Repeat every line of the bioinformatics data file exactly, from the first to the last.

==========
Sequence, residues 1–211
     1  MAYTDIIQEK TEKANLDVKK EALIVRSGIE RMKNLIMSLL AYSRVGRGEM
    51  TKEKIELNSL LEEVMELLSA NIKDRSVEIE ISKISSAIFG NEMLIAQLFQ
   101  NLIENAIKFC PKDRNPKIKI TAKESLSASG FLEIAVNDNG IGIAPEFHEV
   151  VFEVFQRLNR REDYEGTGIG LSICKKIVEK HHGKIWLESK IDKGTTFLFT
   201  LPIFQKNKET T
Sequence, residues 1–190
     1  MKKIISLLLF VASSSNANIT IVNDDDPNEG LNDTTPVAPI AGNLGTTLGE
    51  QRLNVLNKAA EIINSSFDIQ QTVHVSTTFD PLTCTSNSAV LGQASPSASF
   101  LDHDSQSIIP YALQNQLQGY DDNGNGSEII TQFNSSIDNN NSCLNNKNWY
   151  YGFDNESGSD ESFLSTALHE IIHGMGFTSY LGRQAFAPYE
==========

Sequence, residues 1–211
     1  MAYTDIIQEK TEKANLDVKK EALIVRSGIE RMKNLIMSLL AYSRVGRGEM
    51  TKEKIELNSL LEEVMELLSA NIKDRSVEIE ISKISSAIFG NEMLIAQLFQ
   101  NLIENAIKFC PKDRNPKIKI TAKESLSASG FLEIAVNDNG IGIAPEFHEV
   151  VFEVFQRLNR REDYEGTGIG LSICKKIVEK HHGKIWLESK IDKGTTFLFT
   201  LPIFQKNKET T
Sequence, residues 1–190
     1  MKKIISLLLF VASSSNANIT IVNDDDPNEG LNDTTPVAPI AGNLGTTLGE
    51  QRLNVLNKAA EIINSSFDIQ QTVHVSTTFD PLTCTSNSAV LGQASPSASF
   101  LDHDSQSIIP YALQNQLQGY DDNGNGSEII TQFNSSIDNN NSCLNNKNWY
   151  YGFDNESGSD ESFLSTALHE IIHGMGFTSY LGRQAFAPYE